Tooth fairy? 'Darkness Falls' on its face
The only horror here is the writing, acting and directing.
By CRAIG OUTHIER
The Orange County Register
Friday, January 24, 2003
Kyle Walsh (Chaney Kley) is a troubled young man. And then some. Hounded by nightmares of the homicidal tooth fairy demon who killed his mother, Kyle soothes his paranoid anxieties with handfuls of Thorazine and a seemingly inexhaustible supply of flashlights, just in case the photo-sensitive spook should ever come back to finish him off.
By the end of "Darkness Falls," a discount-bin rehash of "Nightmare on Elm Street," you'll feel like popping a few Thorazine, too. Sloppy and inexplicable, with bad acting to rival the chintziest infomercial, this is the kind of all-too-common horror flick that's only blood-curdling in the fact that it was made at all.
Twelve years after his last violent confrontation with the nocturnal boogie-woman – otherwise known as Matilda Dixon, a lonely crone butchered by a rabble of enraged townsfolk over 150 years ago – Kyle reluctantly returns to his childhood home of Darkness Falls to help a young boy (Lee Cormie) fight his own battle with the tooth fairy. "Once you see her, she never leaves," Kyle pronounces. It's a strange rite of puberty, granted, but when you live in a town with a name as idiotically foreboding as Darkness Falls, what do you expect?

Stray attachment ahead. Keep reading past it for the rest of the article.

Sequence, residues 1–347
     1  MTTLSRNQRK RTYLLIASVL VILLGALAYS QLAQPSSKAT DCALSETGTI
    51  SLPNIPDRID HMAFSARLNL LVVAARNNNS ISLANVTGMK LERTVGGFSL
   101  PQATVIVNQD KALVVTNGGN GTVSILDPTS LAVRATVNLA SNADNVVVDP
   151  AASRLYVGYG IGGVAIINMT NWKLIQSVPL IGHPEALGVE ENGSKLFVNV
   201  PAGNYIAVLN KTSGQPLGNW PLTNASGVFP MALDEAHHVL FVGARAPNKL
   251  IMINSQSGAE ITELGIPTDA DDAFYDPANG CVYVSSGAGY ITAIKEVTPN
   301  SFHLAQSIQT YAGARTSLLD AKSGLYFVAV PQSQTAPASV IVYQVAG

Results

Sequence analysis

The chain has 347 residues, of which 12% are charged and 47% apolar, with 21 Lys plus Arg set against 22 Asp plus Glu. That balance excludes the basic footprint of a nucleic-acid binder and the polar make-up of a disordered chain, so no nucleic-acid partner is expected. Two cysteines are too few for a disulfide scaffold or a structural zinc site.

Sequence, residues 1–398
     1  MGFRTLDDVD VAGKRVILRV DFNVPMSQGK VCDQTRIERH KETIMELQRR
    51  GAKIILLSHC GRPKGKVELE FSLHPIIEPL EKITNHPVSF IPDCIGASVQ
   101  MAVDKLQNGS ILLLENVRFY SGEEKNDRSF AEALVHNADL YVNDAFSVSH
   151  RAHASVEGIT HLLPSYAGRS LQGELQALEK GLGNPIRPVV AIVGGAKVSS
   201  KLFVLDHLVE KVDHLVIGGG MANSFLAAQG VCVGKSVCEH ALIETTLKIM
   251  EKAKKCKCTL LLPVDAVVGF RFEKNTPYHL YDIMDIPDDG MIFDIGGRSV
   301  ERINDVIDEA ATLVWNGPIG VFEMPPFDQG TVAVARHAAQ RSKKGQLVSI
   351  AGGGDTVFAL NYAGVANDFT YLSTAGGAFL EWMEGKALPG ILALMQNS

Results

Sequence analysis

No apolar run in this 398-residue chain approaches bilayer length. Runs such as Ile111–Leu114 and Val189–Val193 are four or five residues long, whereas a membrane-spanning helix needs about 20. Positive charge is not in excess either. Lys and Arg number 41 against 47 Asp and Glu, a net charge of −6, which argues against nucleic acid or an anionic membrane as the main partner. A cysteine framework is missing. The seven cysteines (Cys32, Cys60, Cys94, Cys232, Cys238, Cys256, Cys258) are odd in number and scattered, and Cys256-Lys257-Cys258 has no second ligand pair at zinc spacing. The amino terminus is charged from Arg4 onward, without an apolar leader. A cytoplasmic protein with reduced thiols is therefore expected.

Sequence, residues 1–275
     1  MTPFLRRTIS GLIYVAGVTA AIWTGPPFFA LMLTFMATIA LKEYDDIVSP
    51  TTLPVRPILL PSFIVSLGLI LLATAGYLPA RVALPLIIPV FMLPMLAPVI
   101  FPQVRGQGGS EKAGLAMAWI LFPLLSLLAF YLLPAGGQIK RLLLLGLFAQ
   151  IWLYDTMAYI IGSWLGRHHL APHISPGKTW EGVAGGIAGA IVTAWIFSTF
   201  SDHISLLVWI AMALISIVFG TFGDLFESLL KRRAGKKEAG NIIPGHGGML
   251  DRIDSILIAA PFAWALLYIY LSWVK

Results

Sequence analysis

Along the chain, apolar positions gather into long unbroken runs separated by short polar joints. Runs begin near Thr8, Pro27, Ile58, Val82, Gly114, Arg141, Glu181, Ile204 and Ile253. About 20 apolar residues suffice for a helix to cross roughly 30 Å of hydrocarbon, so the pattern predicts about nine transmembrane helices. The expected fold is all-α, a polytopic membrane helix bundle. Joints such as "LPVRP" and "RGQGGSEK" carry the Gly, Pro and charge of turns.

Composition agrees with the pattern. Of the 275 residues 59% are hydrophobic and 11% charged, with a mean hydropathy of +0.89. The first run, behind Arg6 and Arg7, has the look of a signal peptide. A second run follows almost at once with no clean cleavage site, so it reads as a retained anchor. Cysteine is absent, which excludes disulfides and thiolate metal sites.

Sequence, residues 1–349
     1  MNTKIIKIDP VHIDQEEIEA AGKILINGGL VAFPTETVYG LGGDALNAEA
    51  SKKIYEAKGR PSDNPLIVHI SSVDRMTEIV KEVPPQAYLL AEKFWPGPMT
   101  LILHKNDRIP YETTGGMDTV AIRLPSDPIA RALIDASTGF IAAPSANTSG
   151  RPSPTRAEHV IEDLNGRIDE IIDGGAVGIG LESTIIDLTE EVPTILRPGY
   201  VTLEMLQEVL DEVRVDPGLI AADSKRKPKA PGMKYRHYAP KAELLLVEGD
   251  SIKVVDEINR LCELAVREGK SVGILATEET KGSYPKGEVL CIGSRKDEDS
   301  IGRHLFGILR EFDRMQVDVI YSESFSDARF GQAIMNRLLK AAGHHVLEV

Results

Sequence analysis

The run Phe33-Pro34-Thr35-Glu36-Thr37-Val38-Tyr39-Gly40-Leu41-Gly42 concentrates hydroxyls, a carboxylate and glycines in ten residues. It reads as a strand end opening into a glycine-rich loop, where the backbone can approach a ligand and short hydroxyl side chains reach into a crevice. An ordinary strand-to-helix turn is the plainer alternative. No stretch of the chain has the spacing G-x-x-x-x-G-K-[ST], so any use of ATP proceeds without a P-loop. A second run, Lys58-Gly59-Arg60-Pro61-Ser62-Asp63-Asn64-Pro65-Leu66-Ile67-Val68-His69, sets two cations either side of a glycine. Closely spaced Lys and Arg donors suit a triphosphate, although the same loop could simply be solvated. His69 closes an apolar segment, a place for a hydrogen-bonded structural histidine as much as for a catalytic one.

Kley, whose only previous feature film experience was a bit role in the Reese Witherspoon comedy ''Legally Blonde" (2001), has all the charisma of a broccoli stalk, but with dialogue this wretched, some of the blame must also be assessed to the filmmakers. To wit:
Frightened Nurse: "Where are the police?"
Kyle: "The police are dead."
Frightened Nurse: "All of them?"
Kyle: "Pretty much."
Amazingly, it took three men – professional screenwriters – to come up with those lines.
As if that wasn't bad enough, first-time director Jonathan Liebesman drags us through an absolutely asinine pursuit sequence plagiarized variously from Alfred Hitchcock's ''Lifeboat" and the recent sci-fi pleaser "Pitch Black," where Kyle and his friends drive around looking for a light source to keep Matilda at bay until daybreak. Two words, people: camp. Fire.
"Darkness Falls" is the latest entertainment product from Revolution Studios, the fledgling distribution outfit founded by former Fox and Disney honcho Joe Roth. Having released such well-received titles as "XXX" and "Punch Drunk Love," the company appears to be profitable, if hardly immune from the occasional turkey infestation ("The Animal"). In the case of "Darkness Falls," the revolution will not be televised, but maybe it should have gone straight to video.